Arts & Culture · Poetry

Poetry Sunday: “Unicorn in Captivity,” by Marion Dornell

Rebecca Foust, Poetry Editor

Rebecca Foust, Poetry Editor

I met Marion Dornell when she attended a class I gave a talk for, at the invitation of poet Robin Becker (see Poetry Sunday feature), a professor at Penn State. It was 2010, the year my first book came out. I did a number of readings in my home state of Pennsylvania, in Altoona, State College, Philadelphia, Pittsburgh, and it seemed like Dornell made it to nearly every one! She and I began to work together on her poems, by email since we live at opposite ends of the country, and we also became friends.

From the beginning, I was struck by the voice in the poems. Many were written in persona (spoken by pre-Civil War slaves, people in service of the Underground Railroad, WPA workers and others), but Dornell’s voice rang through them all, pulling the thread that connected poems spanning generations and genders. Through perseverance and hard work, these poems became Unicorn in Captivity, Marion Dornell’s first book, published by Finishing Line Press in 2015. I could say quite a bit more about the lively intelligence and sharp tongue that animates the characters in Unicorn, but I hope readers will discover that for themselves by reading the book. Here is its title poem.

 

Unicorn in Captivity

Months back when birds was flying North,
Mistress invite her ladies to tea
to tell them about her travels.
She saw big woven pictures, story pieces
of a unicorn, pieces bigger than the bedspreads
Mama Naomi weaves. Mistress say
each picture tells the story of hunters stealing
into the woods to catch a unicorn. The ladies
make sounds out of nature, strange birds trilling
in the woods. When Mistress bring out
her sketches of hunters attacking, capturing,
and killing the unicorn, the room fill up with sound
like a church choir singing Hallelujah at Easter.
Room got quiet when she told how the unicorn
fought those men before they killed it.

Them ladies didn’t see me trip
and almost drop the tea tray.
My tears spilled and I wonder why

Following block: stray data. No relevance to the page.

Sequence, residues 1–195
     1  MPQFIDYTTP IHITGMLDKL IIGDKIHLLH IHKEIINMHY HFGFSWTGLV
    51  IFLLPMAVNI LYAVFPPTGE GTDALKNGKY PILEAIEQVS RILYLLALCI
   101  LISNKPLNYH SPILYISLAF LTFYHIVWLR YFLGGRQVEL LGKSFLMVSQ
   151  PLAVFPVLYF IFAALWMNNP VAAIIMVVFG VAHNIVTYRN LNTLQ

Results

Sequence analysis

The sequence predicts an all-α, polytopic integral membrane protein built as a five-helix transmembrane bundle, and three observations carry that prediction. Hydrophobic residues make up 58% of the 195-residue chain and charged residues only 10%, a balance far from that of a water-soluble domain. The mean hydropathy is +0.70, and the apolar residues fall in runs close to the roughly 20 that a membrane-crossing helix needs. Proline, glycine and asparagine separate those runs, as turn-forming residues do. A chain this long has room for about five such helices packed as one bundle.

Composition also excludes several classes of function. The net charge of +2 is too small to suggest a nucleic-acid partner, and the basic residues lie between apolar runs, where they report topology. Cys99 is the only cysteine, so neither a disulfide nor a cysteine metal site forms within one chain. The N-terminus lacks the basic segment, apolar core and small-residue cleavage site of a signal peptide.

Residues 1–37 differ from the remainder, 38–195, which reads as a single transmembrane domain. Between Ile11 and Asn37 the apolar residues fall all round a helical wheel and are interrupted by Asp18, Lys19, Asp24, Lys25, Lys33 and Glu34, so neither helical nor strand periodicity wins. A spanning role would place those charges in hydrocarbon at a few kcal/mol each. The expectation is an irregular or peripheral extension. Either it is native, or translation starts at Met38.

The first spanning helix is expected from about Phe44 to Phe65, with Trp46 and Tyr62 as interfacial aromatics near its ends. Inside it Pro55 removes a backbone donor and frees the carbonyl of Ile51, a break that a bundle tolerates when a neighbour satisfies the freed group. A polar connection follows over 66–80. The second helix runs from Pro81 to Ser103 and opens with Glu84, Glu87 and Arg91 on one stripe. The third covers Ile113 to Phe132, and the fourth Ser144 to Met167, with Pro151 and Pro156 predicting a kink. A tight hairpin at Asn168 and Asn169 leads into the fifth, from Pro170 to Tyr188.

they so taken with a make-believe animal
stole for pleasure. The ladies wanted to embroider
that unicorn’s story, each one make a piece,
six pieces in all. Mistress surprised
me when she said she wanted to teach
me to stitch, to help her with her piece,
“The Unicorn in Captivity,” the last piece of the story.

While Mistress taught me how to stitch
the flowers and fruit, she told me
how seed-heavy pomegranates, wild orchids,
thistles, even the tiny frog all stand for marriage
and having babies. Saint Mary’s thistle
make your sick stomach better.

Madonna lily and red carnation
mean God’s love. Dandelion
was on the table at the Last Supper.
Only thing Mistress didn’t say about that unicorn
was why he didn’t just jump
that low little fence around him.
I practiced my stitches from her sketches
summerlong. Then Mistress said I learned
enough stitches to fill in the black space
around the unicorn. I know
he’s a made-up creature
but he’s real to me. When I touch
his shiny white coat, he breathes.
I wonder what he hears. I feel his heart beat slow
like he’s at peace. I know
he can’t hear what flies over his head—maybe
warblers flying south. When I fly,
I’ll fly North.

First published in Unicorn in Captivity (Finishing Line Press, 2015) and published with the permission of the Press.

UntitledA retired registered nurse specializing in psychiatric/mental health nursing and hospice, Marian Cannon Dornell lives in Mechanicsburg, PA with her husband, with whom she has five children and six grandchildren. Marion regularly gives poetry readings in her community and also gives talks about race and our society. She has studied with Penn State University professors and poets Robin Becker and Todd Davis, and poets Rebecca Foust and Kimiko Hahn. Marion’s poems have appeared in On the Issues: The Progressive Woman’s Quarterly, Kinfolks: A Journal of Black Expression, and Fledgling Rag. Unicorn in Captivity, her first book, received an Honorable Mention in Concrete Wolf’s 2013 chapbook contest.

 

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  • Marcia Conner September 2, 2015 at 9:24 am

    Reading these poems is like watching an artist-weaver at work. We meet Mama, Naomi, Root Woman, Clarissa, Farmer Breitweist, Rebecca. The tapestry of characters dazzles with color and spirit. Foust refers to the voice in Dornell’s poems, and it is the voice that makes her characters come alive, the voice that captures us and draws us in. We experience their deep distrust and infinite patience. We feel their abiding faith and love.

    Reply
  • Lauren D. Neal August 30, 2015 at 3:55 pm

    I have watched my mother grow as an artist over the past half a century. For years she used to deny her ability as a fine artist, musician, author. With encouragement and inspiration to move forward from people whom she trusts and whom have already achieved in their artistry, “Unicorn in Captivity” was released and Marian’s talents were captured, so that she can see for herself that it exists, in case she ever needs a reminder. It is a unique honor to have a parent who historically places your gifts on a pedestal, surpass your own achievement, if you haven’t experienced it, it’s like watching your own child do the same. While most people at this stage in life, have hung their laurels, Marian’s have blossomed spectacularly. Glad that both my parents continue to serve as role models for their family through the next quarter century, and beyond…

    Reply
  • Patricia Yarberry Allen MD August 30, 2015 at 7:32 am

    This was my Sunday sermon. The voice of this poet and her choice of a subject for this poem have affected me deeply.

    Rebecca, thank you for the gift of this poem from the gifted Marion Dornell.

    Pat Allen

    Reply